In Brief - October 2018

Page 1





IN THIS ISSUE: From the President ..... 1 From the Editor ........... 3


Save the Dates ............ 4

Welcome to a new year! I’m thrilled to be your president and looking forward to seeing you at an upcoming luncheon or seminar. NePA is a wonderful association filled with passionate and knowledgeable paralegals.

Fall Seminar Recap ..... 5 Board of Directors ....... 9 CLE Committee .......... 10 New Members ........... 11 NALA Convention ...... 13

An important skill in today’s environment is the ability to embrace change and I ask you to do the same in your career, life, and our association. I’m not talking about change for the sake of change but rather change needed to keep us relevant and strong for

Getting to Know Your Officers ...................... 18 Facial Recognition Links 28 U.S. Reps with 28 Mug Shots ................. 22 Social Media Case Illustrates the Loosening Court Trends in EDiscovery................... 25

the next 40 years. NePA, along with nearly all other professional associations, has seen a decline in membership over the past years. What is the cause? There are several factors including an aging membership where many are at retirement age and new members are not being recruited or retained to replace them. Technology is another consideration as more people have access to free and low-cost quality webinars they can enjoy from the comfort of their desk chair or home to get the continuing legal education (CLE) which is so important to our profession. A third common reason is that prospective members don’t see the value of networking and don’t feel like they “fit in” to an association’s culture. So, what does this mean for NePA? We must make every effort to combat these trends and we need your help to do it…starting with embracing change! This past year the board and our committees made great strides including adding CLE options at several luncheons for those who find it difficult to get away for an entire day to attend a seminar, online registration for events and easy payment options through our website, surveys to better understand what motivates our members, and modifying the Bylaws and Standing Rules to be more inclusive in our definition of an Active Member.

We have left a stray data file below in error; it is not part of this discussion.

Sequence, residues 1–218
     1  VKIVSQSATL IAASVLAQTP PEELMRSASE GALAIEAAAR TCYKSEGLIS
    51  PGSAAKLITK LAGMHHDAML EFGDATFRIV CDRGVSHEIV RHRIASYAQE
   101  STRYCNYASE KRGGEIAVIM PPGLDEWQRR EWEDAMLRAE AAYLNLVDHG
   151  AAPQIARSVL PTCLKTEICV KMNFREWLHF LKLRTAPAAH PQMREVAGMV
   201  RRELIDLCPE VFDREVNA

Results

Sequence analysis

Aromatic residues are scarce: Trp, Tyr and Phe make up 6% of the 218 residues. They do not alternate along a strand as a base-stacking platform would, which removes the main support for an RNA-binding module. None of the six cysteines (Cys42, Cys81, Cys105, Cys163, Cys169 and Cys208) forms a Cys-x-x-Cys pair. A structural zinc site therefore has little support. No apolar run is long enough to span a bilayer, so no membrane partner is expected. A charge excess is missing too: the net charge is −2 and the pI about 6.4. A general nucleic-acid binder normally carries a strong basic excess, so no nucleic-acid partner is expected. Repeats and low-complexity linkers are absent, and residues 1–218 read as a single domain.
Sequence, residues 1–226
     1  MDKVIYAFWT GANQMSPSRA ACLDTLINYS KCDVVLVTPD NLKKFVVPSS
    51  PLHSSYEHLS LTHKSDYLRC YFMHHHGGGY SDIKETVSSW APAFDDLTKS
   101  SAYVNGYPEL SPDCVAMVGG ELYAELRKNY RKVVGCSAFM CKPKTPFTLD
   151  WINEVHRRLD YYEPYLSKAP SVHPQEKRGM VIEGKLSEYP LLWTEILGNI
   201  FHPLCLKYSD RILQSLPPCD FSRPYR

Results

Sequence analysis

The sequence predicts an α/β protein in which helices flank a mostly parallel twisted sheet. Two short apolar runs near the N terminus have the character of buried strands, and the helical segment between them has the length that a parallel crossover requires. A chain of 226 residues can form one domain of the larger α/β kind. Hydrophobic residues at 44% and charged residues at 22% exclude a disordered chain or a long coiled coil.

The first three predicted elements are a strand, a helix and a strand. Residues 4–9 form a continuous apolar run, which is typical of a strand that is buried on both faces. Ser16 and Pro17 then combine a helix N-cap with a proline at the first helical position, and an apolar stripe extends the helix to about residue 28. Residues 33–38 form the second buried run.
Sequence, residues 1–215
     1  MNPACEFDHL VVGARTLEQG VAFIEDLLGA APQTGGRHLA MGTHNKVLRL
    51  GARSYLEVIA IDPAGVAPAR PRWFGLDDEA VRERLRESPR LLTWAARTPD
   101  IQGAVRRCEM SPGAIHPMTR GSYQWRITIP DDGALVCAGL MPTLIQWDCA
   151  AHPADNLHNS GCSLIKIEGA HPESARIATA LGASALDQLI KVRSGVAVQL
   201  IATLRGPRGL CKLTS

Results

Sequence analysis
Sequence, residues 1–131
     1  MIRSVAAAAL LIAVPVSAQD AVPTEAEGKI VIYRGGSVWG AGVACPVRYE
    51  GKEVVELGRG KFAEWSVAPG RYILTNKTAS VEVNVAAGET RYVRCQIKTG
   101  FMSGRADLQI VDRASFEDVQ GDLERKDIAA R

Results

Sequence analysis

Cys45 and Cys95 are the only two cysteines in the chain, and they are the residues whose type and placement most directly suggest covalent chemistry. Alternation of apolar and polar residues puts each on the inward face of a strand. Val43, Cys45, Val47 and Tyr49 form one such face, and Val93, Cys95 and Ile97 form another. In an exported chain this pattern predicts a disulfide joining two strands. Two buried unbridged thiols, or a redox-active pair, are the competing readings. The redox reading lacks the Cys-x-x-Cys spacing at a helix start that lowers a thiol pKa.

Continued on Page 2



PRESIDENT’S MESSAGE CONTINUED What’s next? This coming year we have additional changes we’re working on including focusing on our members to understand your challenges and needs from our association, reviewing our board positions and committees to make sure they are relevant and structured to enhance collaboration and innovation, and offering additional opportunities to get to know your fellow paralegals to make those vital connections within our community that so many of us have relied on to find necessary resources for our work as well as mentors and opportunities for career advancement. So, to current members, I ask you to join me in not only embracing these changes but also being a part of determining what the changes will be by joining a committee, responding to surveys, attending board meetings, or contacting a board member to make your voice heard. I also ask you to share the value of NePA with a non-member and invite him or her to join you at an upcoming luncheon or seminar. For non-members, I invite you to come meet our community. Come see what we’re all about and get excited for your future as a part of this wonderful association. We look forward to meeting you soon! Best,